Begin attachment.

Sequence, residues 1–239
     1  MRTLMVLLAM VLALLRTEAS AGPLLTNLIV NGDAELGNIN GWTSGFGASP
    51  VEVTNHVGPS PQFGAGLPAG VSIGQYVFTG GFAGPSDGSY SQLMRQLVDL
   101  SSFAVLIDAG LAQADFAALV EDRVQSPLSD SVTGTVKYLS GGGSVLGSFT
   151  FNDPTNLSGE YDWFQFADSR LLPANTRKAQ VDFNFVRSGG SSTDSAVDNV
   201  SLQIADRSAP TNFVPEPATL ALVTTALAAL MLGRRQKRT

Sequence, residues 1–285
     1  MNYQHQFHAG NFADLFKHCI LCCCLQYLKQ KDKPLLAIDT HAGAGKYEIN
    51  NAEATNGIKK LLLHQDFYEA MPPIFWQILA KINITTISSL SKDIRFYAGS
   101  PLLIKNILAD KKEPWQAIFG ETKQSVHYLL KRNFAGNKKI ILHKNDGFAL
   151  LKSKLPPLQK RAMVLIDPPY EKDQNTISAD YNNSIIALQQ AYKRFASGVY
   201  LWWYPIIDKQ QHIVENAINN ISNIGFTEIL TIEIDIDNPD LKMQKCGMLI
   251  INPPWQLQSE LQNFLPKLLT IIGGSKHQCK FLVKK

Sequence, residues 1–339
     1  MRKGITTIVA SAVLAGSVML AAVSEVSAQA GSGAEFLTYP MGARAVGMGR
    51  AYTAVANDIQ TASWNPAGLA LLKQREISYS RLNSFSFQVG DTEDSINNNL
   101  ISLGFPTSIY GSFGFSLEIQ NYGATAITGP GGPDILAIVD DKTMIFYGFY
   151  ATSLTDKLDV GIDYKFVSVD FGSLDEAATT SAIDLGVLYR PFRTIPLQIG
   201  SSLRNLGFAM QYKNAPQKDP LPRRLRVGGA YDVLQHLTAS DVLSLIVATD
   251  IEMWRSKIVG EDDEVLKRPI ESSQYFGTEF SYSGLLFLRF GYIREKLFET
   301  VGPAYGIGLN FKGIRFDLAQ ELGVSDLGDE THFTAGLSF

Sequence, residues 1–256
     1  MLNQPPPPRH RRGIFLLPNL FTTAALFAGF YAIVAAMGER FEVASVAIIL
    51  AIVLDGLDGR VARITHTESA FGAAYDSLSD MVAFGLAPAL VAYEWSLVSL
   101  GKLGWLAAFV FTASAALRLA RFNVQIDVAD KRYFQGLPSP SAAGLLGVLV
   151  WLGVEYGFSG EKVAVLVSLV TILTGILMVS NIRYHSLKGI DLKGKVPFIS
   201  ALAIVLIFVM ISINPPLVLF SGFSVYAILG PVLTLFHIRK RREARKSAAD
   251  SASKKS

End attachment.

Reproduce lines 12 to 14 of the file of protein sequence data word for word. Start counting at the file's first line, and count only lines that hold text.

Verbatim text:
   201  LWWYPIIDKQ QHIVENAINN ISNIGFTEIL TIEIDIDNPD LKMQKCGMLI
   251  INPPWQLQSE LQNFLPKLLT IIGGSKHQCK FLVKK

Sequence, residues 1–339